Central banks face a battle to cool inflation without provoking a hard economic landing. Nonetheless, we think the long-term outlook for markets is much improved.

By Shaan Raithatha, senior economist, and Lukas Brandl-Cheng, investment strategy analyst, Vanguard, Europe.

The past year has produced one of the fastest-evolving economic and financial market environments ever seen. Faced with the greatest inflation threat since the 1980s, central banks across the globe have responded with coordinated increases in interest rates that have outpaced anything we’ve witnessed for several decades.

As we get ready to move into 2023, we look at three key themes that we think will shape the economic and market environment in the year ahead.

1. Vigilance in fighting inflation

The chart shows where this monetary tightening cycle has got to and where we think interest rates could be headed next.

What seems clear to us is that central banks like the Bank of England and US Federal Reserve still have a difficult path ahead that will require them to raise interest rates further and maintain vigilance as the inflation situation shifts.

Globally coordinated monetary tightening

Note: Dotted lines represent market-based expectations for future policy rates as at 31 October 2022.
Sources: Thomson Reuters Datastream and Bloomberg.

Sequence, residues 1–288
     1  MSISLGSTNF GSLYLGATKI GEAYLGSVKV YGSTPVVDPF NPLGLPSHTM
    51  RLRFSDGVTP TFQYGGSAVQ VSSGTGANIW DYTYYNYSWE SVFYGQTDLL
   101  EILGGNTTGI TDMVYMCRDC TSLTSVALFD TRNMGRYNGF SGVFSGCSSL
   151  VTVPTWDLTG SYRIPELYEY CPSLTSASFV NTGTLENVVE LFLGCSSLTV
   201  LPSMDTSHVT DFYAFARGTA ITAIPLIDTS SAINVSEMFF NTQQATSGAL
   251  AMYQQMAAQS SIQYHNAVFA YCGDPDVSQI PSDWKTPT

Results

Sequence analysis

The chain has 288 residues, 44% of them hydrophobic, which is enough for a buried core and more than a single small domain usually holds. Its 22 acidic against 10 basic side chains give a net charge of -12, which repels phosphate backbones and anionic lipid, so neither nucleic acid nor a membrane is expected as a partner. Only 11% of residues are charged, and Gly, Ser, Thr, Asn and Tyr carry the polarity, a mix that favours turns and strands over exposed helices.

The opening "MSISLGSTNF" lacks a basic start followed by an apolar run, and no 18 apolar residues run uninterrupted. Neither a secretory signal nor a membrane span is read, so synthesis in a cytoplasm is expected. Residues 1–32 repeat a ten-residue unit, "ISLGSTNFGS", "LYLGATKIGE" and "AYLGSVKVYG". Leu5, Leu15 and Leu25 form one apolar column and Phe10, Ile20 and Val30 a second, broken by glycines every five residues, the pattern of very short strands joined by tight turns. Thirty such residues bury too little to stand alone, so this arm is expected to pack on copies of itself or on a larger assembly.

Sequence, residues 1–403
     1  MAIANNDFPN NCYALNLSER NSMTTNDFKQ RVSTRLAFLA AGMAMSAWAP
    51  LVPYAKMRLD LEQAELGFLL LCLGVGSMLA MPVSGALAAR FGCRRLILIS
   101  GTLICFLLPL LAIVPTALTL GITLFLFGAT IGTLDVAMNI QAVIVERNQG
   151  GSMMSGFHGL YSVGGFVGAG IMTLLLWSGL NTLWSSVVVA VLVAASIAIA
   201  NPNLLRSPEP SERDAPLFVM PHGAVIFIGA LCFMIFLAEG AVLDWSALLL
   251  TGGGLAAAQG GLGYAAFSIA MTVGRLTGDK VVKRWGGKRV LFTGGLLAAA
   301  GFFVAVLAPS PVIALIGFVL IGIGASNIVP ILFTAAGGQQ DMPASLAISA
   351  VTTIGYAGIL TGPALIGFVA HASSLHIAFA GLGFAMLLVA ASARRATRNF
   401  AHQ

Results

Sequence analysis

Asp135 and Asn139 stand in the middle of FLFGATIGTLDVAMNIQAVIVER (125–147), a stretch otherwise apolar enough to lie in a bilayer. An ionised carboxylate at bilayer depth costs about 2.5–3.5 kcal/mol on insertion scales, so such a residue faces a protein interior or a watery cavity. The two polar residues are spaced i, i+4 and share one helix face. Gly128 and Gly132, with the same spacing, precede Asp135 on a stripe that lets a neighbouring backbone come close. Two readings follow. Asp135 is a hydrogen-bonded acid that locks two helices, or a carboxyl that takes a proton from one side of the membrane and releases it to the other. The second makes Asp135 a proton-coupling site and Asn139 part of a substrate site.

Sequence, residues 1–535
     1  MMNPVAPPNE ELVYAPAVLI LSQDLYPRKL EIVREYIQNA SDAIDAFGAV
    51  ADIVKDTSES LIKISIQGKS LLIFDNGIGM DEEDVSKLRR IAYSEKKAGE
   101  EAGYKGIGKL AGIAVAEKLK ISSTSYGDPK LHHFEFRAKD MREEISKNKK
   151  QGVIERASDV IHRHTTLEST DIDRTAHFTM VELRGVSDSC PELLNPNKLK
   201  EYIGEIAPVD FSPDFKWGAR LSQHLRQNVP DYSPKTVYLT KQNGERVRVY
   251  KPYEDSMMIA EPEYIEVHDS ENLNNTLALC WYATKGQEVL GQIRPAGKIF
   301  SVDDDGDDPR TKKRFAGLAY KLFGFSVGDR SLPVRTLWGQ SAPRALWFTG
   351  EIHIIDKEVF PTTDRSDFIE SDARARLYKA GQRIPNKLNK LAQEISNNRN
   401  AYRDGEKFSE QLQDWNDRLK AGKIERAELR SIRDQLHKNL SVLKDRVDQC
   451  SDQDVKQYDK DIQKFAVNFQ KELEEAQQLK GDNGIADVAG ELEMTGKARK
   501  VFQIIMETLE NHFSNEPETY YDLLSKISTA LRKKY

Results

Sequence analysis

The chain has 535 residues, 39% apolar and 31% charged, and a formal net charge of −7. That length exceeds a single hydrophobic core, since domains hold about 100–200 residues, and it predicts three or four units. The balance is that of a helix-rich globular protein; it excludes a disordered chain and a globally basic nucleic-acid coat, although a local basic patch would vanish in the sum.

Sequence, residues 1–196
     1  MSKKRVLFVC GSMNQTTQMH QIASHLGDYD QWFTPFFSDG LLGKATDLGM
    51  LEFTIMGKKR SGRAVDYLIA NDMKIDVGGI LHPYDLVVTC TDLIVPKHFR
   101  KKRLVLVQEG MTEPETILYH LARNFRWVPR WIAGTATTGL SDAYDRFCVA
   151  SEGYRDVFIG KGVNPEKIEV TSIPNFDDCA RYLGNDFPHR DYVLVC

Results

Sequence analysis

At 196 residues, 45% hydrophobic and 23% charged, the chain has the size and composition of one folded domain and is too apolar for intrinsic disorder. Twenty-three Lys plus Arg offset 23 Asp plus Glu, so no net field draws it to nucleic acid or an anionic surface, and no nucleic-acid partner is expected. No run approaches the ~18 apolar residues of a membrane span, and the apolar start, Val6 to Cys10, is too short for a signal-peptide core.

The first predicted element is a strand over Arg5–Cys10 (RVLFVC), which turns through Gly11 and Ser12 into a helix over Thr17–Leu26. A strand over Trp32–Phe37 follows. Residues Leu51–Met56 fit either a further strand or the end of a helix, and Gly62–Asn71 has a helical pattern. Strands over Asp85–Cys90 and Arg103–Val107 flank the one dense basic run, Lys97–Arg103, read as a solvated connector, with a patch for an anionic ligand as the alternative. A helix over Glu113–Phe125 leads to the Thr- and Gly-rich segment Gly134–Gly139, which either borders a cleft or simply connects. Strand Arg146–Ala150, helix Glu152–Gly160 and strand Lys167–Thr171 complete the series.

Vanguard estimates that about half of the upward pressures on inflation globally are the result of supply, brought on by the lingering effects of pandemic-era impacts on supply chains and the war in Ukraine. The other half is caused by demand, which higher rates are intended to alleviate.

However, support for further rate rises could wane in 2023, particularly if economies slow too much, prompting companies to cut costs and shed jobs on a large scale. As such, central banks have a very narrow window to aim at as they seek to cool inflation without inducing a recession.

Central banks typically seek to avoid recessions, but current inflation dynamics leave policymakers with little choice but to tighten financial conditions to try to stabilise prices.

Indeed, our base case for 2023 is one of disinflation, but at the cost of a global recession.  

2. Energy challenges continue

The war in Ukraine added to European uncertainty, market volatility and price pressures in 2022. Sharply higher natural gas prices contributed to the tighter financial conditions and depressed sentiment that we believe will have pushed the euro area into recession in the fourth quarter.

In the shorter term, high energy and food prices will continue to weigh on real household disposable incomes, while uncertainty about the war in Ukraine will impact consumer confidence. However, as in the United States, there are tentative signs now that inflation in Europe has peaked – although we still expect price pressures associated with the labour market and wage growth to be stubbornly high as we move into next year.

3. A better outlook for long-term investors

Against such a deteriorating economic backdrop, it’s little wonder that investment markets have generally had a tough time of it in 2022. We think further near-term pain is still possible for investors. On the plus side, though, we also believe the longer-term outlook has improved.